The fact that suicide was brought about by a self-perceived uselessness towards the state also shocked me. Suicide to me comes about after extreme personal failure, but it is usually because of severe psychological depression or a severe implosion of ones life, causing one to see no purpose to continue. Although these may have been the thoughts and emotions of Podlubnyi, they were a product of the state’s influence on him rather than what I would perceive to be as a more personal affair. But perhaps the state was more personal to him than love or friendship would be to me, it is impossible to know.



Josephson, Paul, R. Red Atom: Russia’s Nuclear Power Program from Stalin to Today. New York, NY: W.H. Freeman, 2000.


Red Atom discusses how political and cultural ideologies shaped the rapid development of the Soviet Union’s nuclear power program and the drawbacks which it faced. The leading advocates of nuclear proliferation were central planners that had been schooled in the Stalin era, yet manifested an acute awareness of that period’s disasters. Josephson extends his analysis of the origins of the Soviet nuclear program to the current status of Russia’s nuclear state. He concludes that fusing a determinist ideology with an unknown, potentially hazardous energy source can produce catastrophic results for the culture, politics, and environment. Red Atom: Russia’s Nuclear Power Program from Stalin to Today is a relevant source because it explains both the original intentions and the unintended past and future consequences of Russia’s nuclear program.



Park, Chris C. Chernobyl: The Long Shadow. London; New York: Routledge, 1989.


Chernobyl: The Long Shadow discusses the disastrous environmental effects of the Chernobyl nuclear meltdown in 1986. Park discusses the long term impact the nuclear fallout has had on humans and the environment. Park explains the important lessons learned by the scientific and public policy community from Chernobyl on managing nuclear sites and disasters. This information is imperative when researching the topic of unintended repercussions from harnessing nuclear energy as it discusses health and radiation, nuclear containment, and human issues. This book offers an opportunity to assess historiographical debates regarding Chernobyl, through comparison with The Chernobyl Accident: A Comprehensive Risk Assessment. Both cover the backlash from the same incident, giving me an opportunity to better understand potential overlap or disagreements within the scholarship.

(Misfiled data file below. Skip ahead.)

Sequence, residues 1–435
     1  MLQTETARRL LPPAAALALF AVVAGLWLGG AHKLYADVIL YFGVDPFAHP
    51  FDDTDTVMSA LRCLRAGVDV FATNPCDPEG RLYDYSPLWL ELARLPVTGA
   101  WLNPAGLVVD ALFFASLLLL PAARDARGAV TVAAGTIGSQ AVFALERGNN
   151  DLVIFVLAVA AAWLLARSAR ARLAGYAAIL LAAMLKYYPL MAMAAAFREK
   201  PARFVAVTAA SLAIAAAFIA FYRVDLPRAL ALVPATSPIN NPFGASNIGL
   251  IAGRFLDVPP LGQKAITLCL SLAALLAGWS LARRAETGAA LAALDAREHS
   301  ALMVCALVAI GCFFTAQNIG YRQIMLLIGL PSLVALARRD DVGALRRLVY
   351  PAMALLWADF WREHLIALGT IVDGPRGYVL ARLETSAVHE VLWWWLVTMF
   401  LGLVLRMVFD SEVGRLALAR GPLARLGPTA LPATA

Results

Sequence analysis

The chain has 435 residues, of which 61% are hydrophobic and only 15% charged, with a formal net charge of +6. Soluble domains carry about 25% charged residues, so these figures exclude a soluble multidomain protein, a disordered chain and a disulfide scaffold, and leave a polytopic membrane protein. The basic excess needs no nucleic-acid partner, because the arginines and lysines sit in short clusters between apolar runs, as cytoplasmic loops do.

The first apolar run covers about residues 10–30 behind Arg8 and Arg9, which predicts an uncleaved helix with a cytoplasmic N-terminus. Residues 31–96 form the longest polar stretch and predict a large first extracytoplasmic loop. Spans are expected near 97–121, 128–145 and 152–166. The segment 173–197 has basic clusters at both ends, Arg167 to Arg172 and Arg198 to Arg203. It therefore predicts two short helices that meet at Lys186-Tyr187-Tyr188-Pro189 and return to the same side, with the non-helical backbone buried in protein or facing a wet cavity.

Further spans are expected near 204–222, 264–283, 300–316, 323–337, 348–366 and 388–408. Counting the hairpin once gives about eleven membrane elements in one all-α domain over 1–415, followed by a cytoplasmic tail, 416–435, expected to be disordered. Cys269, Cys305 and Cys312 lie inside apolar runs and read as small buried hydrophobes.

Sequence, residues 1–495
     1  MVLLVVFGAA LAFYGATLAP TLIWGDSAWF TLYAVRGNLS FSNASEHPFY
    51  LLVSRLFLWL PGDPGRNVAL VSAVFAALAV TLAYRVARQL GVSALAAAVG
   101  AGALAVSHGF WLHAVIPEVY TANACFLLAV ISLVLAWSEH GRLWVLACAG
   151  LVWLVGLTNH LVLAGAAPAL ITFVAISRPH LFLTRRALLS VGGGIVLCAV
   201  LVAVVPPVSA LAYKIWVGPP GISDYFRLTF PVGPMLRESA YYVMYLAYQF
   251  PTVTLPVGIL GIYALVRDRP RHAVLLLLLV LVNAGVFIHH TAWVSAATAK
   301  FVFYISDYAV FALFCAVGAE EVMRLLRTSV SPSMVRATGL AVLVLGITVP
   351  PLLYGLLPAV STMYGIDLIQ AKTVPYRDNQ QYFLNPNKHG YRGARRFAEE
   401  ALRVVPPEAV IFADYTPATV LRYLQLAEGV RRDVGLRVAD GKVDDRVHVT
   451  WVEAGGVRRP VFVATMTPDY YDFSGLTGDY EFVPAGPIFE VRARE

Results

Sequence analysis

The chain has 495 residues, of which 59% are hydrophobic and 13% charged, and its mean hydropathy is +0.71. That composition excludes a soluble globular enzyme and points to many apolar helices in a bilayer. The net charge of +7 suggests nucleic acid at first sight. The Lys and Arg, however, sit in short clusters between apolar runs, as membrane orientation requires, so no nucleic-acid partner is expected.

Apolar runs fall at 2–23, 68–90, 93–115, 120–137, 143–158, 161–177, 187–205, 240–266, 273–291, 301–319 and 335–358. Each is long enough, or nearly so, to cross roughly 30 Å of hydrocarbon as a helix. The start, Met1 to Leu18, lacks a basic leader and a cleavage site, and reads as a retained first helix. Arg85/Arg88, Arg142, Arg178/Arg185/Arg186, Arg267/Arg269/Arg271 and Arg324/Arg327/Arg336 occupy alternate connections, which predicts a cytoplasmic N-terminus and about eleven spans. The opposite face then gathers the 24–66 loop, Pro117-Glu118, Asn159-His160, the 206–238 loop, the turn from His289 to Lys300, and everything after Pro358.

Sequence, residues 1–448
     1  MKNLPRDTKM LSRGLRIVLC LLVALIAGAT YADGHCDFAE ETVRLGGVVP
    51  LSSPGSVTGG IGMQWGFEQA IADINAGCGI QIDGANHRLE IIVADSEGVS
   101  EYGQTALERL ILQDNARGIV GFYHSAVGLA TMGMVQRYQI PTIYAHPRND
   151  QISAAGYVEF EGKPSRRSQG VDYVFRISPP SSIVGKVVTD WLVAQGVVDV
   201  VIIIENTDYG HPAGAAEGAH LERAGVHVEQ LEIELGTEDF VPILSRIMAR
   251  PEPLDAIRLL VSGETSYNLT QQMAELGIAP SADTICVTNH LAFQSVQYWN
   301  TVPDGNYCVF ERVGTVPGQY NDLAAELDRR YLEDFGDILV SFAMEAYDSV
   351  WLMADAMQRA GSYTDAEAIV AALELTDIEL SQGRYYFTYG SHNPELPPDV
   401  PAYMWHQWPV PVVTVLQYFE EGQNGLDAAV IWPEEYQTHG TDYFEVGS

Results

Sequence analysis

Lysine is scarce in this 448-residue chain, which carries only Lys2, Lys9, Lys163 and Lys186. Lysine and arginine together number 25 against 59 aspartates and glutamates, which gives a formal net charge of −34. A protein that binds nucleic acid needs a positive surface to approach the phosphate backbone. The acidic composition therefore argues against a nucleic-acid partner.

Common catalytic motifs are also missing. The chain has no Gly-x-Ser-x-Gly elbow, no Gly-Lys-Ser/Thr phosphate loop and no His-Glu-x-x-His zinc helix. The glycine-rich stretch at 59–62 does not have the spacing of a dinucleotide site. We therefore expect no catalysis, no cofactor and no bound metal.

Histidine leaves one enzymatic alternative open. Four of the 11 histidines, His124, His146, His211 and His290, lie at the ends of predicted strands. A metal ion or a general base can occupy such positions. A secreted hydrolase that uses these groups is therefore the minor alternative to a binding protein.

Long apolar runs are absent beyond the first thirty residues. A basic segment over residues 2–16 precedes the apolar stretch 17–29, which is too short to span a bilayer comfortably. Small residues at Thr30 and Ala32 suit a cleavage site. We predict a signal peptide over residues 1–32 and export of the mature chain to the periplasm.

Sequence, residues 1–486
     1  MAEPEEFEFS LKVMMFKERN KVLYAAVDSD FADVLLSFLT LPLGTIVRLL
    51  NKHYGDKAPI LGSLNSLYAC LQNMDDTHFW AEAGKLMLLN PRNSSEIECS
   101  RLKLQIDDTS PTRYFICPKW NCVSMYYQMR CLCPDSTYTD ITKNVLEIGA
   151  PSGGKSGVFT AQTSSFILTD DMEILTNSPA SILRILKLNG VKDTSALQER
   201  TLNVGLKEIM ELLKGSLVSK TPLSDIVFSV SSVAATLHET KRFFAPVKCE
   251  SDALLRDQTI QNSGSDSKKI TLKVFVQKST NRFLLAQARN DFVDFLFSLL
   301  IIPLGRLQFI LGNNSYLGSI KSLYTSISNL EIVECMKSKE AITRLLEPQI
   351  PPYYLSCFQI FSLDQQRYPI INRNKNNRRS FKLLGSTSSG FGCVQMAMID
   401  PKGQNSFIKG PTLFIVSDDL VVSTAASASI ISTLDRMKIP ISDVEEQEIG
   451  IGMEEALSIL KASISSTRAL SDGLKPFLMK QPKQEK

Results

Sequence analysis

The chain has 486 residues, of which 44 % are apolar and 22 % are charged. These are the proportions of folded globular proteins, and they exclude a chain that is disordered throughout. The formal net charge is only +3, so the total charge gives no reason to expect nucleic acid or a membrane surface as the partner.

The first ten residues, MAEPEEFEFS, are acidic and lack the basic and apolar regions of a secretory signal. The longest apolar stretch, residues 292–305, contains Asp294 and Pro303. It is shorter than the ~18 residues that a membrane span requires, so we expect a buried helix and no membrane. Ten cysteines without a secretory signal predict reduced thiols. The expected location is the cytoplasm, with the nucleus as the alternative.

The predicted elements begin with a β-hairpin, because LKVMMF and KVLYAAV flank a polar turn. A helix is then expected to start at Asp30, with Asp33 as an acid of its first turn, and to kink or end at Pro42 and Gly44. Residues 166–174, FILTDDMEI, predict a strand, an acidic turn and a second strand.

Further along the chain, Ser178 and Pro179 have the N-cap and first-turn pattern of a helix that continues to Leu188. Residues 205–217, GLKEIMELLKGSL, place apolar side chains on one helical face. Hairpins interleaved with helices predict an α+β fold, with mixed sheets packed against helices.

Poyarkov, Victor. The Chernobyl Accident: A Comprehensive Risk Assessment. Edited by George J. Vargo. Columbus, OH: Battelle Press, 2000.


The book revolves around the global environmental fallout that was the product of the Chernobyl nuclear accident. The goal of this book is to uncover the actual environmental drawbacks from the nuclear meltdown, and to dispel false common public preconceptions about environmental catastrophe. What is concluded in this book is that the best way to approach this accident is to carefully study the effects that Chernobyl had so we can advance our knowledge with dealing with nuclear waste and radiation protection. There are eight original authors, all of whom are Russian and Ukrainian scientists that had first-hand work experience at the Chernobyl power plant before the explosion. I would be more skeptical of potential bias if it had not been for the later publishing date of 2000. This will be a great book for my research project because the authors have personal experience of actually being a Chernobyl scientist, which is invaluable.  This source will be valuable to have to compare it to my other sources which focus on nuclear power plant management and sources involving Chernobyl.


Mousseau, Timothy A. and Anders P. Møller. “Landscape Portrait: A Look at the Impacts of Radioactive Contaminants on Chernobyl’s Wildlife.” Bulletin of the Atomic Scientists 67, no. 2 (2011): 38-46. Link